So for the past few months, I have been taking several online workshops and also creating a dress from the Alabama Chanin books.  Before we moved to SC, while I still worked, I purchased a Natalie Chanin class (jacket pattern came with the class) which I never made;  AC wasn't so popular then and I was still trying to juggle work during the week and felting, dyeing and all the other things I love to do on the weekends, including our priority - being with the family.

In any event, I have been working on this Alabama Chanin dress and although it still has a way to go, I find it a lovely soothing way to end the day, watching a program with my husband while stitching.

The bottom layer is a medium weight cotton knit dipped in indigo, the top is lightweight cotton knit stenciled with pearlescent grey.  The pattern came from one of the AC books and I took it to have it enlarged.  I also had the stencil enlarged and cut it out of pennant felt - took me two weeks off and on, not my favorite thing to do!  My first attempt at stenciling was a disaster as the air gun kept getting clogged and the felt became saturated underneath - you can imagine the disappointing outcome.  Next, I had to dye another top layer and stencil all over again.   I used a sponge which worked much better.  So here we are at the point where all of the main stitching is complete and I am enjoying the embellishment.  The great thing is that when I need to move on to the next evening project, I can finish the dress and still work on it later!  Oh, forgot to mention that I am going to add a ruffle to the bottom.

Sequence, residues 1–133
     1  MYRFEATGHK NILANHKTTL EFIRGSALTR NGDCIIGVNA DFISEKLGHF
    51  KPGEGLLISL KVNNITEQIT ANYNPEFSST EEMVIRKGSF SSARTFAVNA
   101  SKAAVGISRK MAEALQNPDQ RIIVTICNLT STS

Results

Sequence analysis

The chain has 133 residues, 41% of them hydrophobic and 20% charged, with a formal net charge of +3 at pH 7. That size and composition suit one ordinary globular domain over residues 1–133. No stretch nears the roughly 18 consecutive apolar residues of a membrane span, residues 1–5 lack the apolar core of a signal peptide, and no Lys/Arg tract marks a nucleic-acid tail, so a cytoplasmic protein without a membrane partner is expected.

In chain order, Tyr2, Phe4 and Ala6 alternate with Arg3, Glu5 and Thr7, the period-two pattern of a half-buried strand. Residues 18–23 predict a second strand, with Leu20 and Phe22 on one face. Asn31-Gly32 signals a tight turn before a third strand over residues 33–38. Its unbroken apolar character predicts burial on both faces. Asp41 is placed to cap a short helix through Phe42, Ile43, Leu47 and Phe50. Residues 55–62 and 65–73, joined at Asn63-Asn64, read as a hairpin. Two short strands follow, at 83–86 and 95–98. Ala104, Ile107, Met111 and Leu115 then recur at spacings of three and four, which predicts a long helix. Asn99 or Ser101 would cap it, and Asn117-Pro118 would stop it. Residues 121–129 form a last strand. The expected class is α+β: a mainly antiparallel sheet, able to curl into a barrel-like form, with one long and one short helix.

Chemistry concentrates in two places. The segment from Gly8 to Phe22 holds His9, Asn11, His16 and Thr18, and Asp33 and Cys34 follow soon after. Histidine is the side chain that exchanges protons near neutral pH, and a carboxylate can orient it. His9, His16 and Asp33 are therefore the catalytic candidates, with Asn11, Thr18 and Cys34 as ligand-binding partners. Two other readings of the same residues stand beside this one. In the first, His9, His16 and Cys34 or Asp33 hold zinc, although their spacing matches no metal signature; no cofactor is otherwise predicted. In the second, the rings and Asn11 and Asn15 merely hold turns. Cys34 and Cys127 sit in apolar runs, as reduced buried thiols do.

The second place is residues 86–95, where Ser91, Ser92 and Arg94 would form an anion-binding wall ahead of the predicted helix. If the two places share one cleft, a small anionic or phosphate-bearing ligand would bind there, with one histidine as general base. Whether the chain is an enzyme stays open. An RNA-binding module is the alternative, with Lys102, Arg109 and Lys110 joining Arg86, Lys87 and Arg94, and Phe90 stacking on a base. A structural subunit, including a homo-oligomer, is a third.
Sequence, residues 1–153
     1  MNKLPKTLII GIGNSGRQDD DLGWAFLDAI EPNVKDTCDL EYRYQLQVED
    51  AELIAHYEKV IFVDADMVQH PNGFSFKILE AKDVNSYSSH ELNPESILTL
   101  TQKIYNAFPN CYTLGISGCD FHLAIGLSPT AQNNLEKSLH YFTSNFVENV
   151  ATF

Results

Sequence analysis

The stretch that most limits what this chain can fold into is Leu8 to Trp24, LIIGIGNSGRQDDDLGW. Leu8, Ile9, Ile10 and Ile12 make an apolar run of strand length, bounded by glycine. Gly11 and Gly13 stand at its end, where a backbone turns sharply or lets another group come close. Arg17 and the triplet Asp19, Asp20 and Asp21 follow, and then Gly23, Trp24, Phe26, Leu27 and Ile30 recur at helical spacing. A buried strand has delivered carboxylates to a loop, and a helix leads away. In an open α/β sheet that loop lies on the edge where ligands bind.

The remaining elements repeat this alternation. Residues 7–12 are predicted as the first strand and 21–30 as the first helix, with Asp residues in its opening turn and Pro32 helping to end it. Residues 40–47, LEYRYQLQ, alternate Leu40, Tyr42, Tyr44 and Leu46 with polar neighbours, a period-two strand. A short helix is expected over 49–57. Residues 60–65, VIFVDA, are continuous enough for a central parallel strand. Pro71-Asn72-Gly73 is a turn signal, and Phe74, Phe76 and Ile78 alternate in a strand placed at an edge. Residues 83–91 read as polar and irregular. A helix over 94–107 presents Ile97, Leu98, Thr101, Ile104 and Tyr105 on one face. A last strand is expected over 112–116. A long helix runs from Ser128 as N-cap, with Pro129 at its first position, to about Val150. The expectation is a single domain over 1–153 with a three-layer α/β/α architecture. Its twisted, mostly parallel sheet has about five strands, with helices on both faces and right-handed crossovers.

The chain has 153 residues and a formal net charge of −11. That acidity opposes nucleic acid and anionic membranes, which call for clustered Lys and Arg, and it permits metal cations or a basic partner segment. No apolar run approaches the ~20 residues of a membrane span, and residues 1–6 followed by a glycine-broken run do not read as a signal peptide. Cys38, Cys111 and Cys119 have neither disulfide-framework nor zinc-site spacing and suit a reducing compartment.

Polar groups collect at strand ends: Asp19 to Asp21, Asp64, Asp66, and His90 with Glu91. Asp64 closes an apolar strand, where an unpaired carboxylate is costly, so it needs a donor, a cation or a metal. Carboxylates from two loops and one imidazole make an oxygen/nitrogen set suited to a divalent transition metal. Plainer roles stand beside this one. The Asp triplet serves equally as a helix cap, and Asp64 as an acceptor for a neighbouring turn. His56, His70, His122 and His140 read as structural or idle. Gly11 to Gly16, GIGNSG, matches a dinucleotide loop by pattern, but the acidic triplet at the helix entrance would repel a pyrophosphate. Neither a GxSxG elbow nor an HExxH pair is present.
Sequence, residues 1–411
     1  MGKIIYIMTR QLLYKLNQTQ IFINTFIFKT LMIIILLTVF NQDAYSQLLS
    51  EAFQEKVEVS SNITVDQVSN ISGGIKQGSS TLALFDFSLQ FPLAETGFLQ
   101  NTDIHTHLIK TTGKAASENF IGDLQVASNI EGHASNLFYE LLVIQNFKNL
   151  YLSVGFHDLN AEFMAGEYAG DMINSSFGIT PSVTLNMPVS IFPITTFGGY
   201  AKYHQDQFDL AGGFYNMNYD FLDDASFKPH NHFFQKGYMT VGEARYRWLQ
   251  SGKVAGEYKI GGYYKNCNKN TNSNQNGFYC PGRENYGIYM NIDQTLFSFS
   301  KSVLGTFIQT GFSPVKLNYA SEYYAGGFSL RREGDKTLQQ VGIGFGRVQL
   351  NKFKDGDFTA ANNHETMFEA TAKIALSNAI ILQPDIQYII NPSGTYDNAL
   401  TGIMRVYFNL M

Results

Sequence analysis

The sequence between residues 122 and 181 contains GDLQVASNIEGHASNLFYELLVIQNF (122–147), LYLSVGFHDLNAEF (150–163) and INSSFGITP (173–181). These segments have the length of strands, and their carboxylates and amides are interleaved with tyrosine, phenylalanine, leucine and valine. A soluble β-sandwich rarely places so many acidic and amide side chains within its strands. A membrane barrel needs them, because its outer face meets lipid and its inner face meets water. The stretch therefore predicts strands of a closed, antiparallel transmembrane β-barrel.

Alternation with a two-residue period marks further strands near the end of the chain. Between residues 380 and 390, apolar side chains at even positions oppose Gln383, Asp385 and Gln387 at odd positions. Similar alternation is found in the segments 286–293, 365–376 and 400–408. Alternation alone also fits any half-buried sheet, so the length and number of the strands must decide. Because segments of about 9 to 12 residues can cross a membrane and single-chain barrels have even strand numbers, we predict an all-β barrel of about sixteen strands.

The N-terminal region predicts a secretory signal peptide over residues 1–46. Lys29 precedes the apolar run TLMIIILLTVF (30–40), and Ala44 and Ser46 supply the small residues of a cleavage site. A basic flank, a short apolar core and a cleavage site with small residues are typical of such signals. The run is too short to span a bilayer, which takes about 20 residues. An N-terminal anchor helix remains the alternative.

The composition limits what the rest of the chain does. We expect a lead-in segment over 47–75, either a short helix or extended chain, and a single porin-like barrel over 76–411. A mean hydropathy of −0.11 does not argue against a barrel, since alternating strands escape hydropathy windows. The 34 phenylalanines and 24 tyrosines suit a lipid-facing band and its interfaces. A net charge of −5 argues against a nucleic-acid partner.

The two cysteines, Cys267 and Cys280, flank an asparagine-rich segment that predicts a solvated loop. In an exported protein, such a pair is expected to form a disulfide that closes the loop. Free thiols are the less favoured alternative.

The other workshops that I have been taking are from India Flint - the true guru of not only eco printing but of creative design. She has the most amazing creative ability and she has helped me think outside of the box. 

The first class was the Japanese bag and I was an eager participant.  This large bag was all hand stitched boro style and I loved it so much; however, at an event attended, someone fell in love with it and had to have it  - she was a very special talented musician and she loved it so I couldn't say no - so it went to a good home and I had all the fun of putting it together!